'Dianna Webster testified that she was present in the room when Officer Majors read the Miranda warnings to Dempsey. She saw Dempsey sign both the waiver form and the subsequent statement. He appeared normal, appeared to understand his rights, and did not indicate in any way that he didn't know what he was doing. Mrs. Webster further testified that Dempsey had not been threatened or induced and that the statement seemed to her to be purely voluntary. She also stated that as Dempsey signed his statement he said, 'You realize I'm signing my life away.'

'The evidence presented by the defense consisted of testimony from Dempsey and from his wife, Lynn Dempsey.

'Michael Dempsey testified that he had a drinking problem and had been drinking continuously, with intermittent sleep, for two days prior to Officer Majors's arrival at his hotel room. Dempsey remembered accompanying Officer Majors to police headquarters but could not remember what he and Majors talked about. He also could not remember whether Majors read any warnings to him, or whether he signed a waiver of rights form. Dempsey said he was not denying that he signed the form, but the name on the form was not his normal signature. He further testified that his excessive drinking caused him to have 'blackout spells,' which accounted for his hazy memory about the events at the police station.

'Lynn Dempsey testified that she was with Michael Dempsey, her husband, in his hotel room from about 1:00 p. m. on Saturday until Officer Majors's arrival the following Monday, and that her husband had been drinking steadily, without eating, for the entire two days. She said that her husband was awake and drinking when she woke up on Monday morning and that he was drunk when he and Majors left the hotel room. Although Michael Dempsey wasn't staggering, his eyes were bloodshot and he was in a careless, happy mood. Mrs. Dempsey said further that she did not think her husband really understood what Officer Majors was talking about and that it seemed to her as if he though Majors was 'putting him on.'

'Following introduction of the confession, the State rested, closing arguments were heard and the trial court instructed the jury. The court defined 'reasonable doubt' and told the jury that each element of the offense must be proved beyond a reasonable doubt. However, no further mention of the confession or of the jury's task with regard to the confession was made. The jury deliberated for ten minutes and returned a verdict of guilty to both counts.'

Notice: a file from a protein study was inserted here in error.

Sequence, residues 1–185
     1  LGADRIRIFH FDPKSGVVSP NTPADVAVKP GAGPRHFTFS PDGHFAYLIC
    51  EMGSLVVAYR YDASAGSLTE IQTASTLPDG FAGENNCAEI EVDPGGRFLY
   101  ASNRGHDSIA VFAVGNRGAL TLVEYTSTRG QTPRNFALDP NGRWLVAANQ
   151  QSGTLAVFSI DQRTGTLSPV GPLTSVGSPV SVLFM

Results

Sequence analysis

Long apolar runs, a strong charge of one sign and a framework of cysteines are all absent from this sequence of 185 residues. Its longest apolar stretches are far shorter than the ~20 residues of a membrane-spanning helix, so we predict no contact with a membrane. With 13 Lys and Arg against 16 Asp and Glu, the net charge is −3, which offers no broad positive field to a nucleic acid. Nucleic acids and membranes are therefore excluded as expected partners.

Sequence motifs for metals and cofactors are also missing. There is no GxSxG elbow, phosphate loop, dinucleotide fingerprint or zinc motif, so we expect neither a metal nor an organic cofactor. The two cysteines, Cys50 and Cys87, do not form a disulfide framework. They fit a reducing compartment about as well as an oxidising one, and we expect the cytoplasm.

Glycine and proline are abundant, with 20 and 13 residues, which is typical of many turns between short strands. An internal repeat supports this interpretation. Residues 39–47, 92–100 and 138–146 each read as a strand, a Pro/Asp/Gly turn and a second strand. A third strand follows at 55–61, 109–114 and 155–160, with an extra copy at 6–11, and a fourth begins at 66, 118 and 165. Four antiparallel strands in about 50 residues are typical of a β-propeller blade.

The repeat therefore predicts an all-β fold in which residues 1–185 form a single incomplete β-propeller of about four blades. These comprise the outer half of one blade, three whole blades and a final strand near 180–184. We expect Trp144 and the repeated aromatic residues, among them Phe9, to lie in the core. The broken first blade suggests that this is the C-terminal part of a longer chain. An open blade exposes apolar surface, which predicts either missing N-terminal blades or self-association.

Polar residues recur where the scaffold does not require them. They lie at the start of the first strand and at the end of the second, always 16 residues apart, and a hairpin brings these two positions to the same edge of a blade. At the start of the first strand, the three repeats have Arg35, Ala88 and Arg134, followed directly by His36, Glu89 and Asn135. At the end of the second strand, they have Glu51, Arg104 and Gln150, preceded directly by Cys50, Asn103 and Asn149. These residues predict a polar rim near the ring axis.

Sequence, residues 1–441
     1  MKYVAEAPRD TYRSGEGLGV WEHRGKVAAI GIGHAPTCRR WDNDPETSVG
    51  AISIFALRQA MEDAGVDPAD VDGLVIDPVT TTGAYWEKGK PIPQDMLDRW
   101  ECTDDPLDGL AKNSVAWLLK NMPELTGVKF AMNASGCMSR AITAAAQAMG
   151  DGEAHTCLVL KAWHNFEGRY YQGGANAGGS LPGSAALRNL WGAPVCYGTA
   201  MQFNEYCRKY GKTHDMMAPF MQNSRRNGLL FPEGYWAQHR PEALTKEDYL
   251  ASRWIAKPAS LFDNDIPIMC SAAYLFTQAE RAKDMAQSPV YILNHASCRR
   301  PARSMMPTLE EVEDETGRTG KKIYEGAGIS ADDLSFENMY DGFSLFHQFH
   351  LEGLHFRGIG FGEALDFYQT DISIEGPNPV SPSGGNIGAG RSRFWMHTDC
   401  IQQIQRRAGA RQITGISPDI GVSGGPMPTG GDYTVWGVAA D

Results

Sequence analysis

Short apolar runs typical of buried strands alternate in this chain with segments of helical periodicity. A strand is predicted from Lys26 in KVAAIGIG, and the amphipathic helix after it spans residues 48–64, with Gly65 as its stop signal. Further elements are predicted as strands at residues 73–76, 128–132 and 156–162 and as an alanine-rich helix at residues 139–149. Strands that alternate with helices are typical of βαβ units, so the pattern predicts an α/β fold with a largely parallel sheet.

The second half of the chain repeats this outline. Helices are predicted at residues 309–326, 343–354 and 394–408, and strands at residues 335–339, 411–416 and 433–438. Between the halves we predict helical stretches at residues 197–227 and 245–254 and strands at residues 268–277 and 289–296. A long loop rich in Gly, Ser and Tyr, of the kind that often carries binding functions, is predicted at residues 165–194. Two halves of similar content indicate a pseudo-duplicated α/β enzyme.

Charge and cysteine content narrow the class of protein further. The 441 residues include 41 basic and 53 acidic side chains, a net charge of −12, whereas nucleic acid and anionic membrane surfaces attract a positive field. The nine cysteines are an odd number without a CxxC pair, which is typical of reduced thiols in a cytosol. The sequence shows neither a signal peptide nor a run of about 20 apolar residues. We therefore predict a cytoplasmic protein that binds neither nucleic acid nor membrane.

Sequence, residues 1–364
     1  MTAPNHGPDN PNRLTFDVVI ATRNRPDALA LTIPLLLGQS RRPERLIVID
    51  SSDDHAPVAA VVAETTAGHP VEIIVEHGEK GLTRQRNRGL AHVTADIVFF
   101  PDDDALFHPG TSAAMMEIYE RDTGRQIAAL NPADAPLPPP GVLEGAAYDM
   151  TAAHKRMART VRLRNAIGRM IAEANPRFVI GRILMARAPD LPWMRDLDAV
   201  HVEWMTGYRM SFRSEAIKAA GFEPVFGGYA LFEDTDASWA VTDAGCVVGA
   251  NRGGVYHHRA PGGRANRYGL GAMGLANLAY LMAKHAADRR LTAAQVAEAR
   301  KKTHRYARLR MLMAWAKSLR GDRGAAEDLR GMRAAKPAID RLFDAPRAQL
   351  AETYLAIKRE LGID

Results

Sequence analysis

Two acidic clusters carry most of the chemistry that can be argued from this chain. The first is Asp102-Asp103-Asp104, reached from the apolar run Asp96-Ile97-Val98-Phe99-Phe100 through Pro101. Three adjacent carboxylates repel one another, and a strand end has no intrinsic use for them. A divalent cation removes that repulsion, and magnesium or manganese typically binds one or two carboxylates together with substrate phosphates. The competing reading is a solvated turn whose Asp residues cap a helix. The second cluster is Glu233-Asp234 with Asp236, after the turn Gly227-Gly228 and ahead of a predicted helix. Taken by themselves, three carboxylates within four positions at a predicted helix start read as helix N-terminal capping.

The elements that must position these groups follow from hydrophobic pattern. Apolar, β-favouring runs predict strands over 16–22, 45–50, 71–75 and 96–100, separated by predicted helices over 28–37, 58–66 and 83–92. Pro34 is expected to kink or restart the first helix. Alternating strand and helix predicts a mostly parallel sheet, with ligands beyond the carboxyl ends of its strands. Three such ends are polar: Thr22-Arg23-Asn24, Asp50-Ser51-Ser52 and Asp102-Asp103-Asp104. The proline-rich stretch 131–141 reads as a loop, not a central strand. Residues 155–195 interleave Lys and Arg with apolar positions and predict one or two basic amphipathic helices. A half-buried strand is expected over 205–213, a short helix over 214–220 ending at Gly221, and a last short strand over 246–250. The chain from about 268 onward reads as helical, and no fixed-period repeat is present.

Upon Dempsey's appeal, the Court of Special Appeals, with one judge dissenting, affirmed. Dempsey v. State, 24 Md.App. 8, 330 A.2d 204 (1974). The majority of the Court of Special Appeals first pointed out that Dempsey had neither objected to the jury instruction concerning the voluntariness of the confession nor moved to strike it nor requested a clarifying instruction, and that therefore the court would not ordinarily consider the matter on appeal. Nevertheless, the court decided in this case to consider the merits of the instruction under the plain error doctrine. The Court of Special Appeals went on to hold that the procedure followed by the trial judge was improper, and that where trial courts conclude after a hearing out of the jury's presence that a statement of the accused was voluntary, the court's decision 'should be placed upon the record out of the presence of the jury without comment in their presence beyond the overruling of objection to its admission.' However, the majority of the Court of Special Appeals held that the error was harmless because 'there was no credible evidence refuting or contradicting testimony that . . . the statement of the accused was freely and voluntarily given,' and thus the jurors would not likely have reached a different conclusion if the trial judge's view as to voluntariness had not been made known to them. Judge Davidson, in a dissenting opinion, disagreed with the majority holding that the error was harmless. Judge Davidson was of the view that there was evidence of Dempsey's mental incapacitation by alcohol which, if believed by the jury, would have been sufficient for the jury to have concluded that Dempsey's confession was involuntary. This Court thereafter granted Dempsey's petition for a writ of certiorari. No. cross-petition was filed by the State.

In this Court, Dempsey of course agrees with the majority below that the trial court's instruction concerning the voluntariness of the confession was improper; the thrust of his argument is that the error was harmful and thus denied him a fair trial. The State, on the other hand, advances essentially three arguments for affirmance of the decision below: (1) since Dempsey did not object to the challenged instruction, the matter is not reviewable on appeal, and the instruction, even if erroneous, was 'not so blatantly prejudicial as to give rise to the invocation of the 'plain error' doctrine'; (2) the...